Why Area Is Important
In March 2008 GAO reported that, as of September 2007, U.S. Customs and Border Protection (CBP) has been unable to collect more than $600 million owed in antidumping and countervailing duties imposed to remedy injurious unfair foreign trade practices. These include duties imposed on products exported to the United States at unfairly low prices (i.e., dumped) and duties on products exported to the United States that were subsidized by foreign governments. In addition to the substantial amount of lost revenue, the uncollected duties cause concern that the U.S. government has not fully remedied the unfair trade practices.
What GAO Found
Since 2005 GAO has reported several times on the U.S. government's inability to collect substantial amounts of antidumping and countervailing duties and in 2008 proposed a variety of options for improving the system for collecting these duties. Two key components of the antidumping and countervailing duty system have received particular attention. One key component of the system is its retrospective nature, which means thatthough importers pay estimated duties at the time of importationfinal duties are not assessed until after products enter the country. Another component is the "new shipper" review process that allows new manufacturers or exporters to petition for their own separate antidumping and countervailing duty rate. Despite other efforts by Congress and CBP, these components of the system have not been addressed and the collection of antidumping and countervailing duties remains a problem. While there are a variety of factors that affect the amount of antidumping and countervailing duties assessed, in 2008 GAO comprehensively reviewed the $613 million in uncollected antidumping and countervailing duties and identified the key factors contributing to the collections problems, including:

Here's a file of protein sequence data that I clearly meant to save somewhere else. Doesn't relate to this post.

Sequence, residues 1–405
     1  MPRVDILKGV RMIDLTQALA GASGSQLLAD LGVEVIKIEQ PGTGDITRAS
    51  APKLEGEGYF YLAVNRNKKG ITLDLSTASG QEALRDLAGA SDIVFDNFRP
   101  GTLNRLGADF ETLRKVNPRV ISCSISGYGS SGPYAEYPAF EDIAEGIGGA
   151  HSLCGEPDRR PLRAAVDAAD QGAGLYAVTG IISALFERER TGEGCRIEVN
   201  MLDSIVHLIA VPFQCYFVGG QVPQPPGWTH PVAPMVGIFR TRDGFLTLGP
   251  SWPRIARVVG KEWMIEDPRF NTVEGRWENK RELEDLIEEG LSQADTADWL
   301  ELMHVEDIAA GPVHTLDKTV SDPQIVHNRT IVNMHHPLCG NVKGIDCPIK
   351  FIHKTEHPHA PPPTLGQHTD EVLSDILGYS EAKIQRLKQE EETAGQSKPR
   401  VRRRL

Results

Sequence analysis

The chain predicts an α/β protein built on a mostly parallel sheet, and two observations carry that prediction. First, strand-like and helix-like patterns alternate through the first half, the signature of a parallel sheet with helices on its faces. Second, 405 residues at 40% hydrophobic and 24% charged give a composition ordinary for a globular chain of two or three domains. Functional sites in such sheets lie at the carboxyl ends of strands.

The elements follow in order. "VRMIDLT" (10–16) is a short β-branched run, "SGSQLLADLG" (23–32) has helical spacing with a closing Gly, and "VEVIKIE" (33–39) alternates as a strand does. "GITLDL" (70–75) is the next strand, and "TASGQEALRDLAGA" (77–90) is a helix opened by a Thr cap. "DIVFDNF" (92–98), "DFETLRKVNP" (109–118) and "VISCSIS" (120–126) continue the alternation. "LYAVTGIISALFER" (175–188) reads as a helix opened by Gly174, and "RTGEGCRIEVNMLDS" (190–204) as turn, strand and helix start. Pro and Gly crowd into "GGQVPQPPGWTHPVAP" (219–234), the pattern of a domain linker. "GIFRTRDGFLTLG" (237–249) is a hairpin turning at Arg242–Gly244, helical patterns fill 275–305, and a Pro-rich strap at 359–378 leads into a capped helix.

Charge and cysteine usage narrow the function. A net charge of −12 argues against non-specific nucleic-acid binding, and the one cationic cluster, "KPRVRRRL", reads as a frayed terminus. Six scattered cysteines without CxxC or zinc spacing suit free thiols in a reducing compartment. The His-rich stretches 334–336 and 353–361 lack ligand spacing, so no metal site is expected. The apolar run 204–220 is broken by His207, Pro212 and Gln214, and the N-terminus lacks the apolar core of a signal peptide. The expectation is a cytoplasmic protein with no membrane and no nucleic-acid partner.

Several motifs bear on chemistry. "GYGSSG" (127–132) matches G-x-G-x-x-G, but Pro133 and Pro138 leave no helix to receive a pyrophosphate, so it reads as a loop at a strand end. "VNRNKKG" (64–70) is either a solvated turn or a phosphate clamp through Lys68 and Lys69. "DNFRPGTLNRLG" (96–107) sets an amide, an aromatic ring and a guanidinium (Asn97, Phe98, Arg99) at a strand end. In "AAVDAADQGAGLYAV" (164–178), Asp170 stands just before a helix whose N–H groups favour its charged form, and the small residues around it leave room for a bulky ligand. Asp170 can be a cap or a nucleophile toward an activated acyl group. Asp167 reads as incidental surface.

Retrospective component of the antidumping and countervailing duty system. Under the current retrospective system, importers pay the estimated amount of antidumping and countervailing duties when products enter the United States, but the final amount of duties owed is not determined until later. This creates a risk that the government will be unable to collect the full amount owed, which can be substantially more than the original estimate. In 2008 GAO reported that when they increasedbecause of some large increasesduty rates rose an average of 62 percentage points, and some increases exceeded 200 percentage points. The long time lags between the initial entry of a product and the final assessment of duties heightens the risk that the government will be unable to collect the full amount owed. In 2008 GAO found that, on average, this process took more than 3 years, though in one instance it took more than 18 years. During this time, importers may disappear, cease business operations, or declare bankruptcy, which creates challenges to the government's ability to collect antidumping and countervailing duties owed.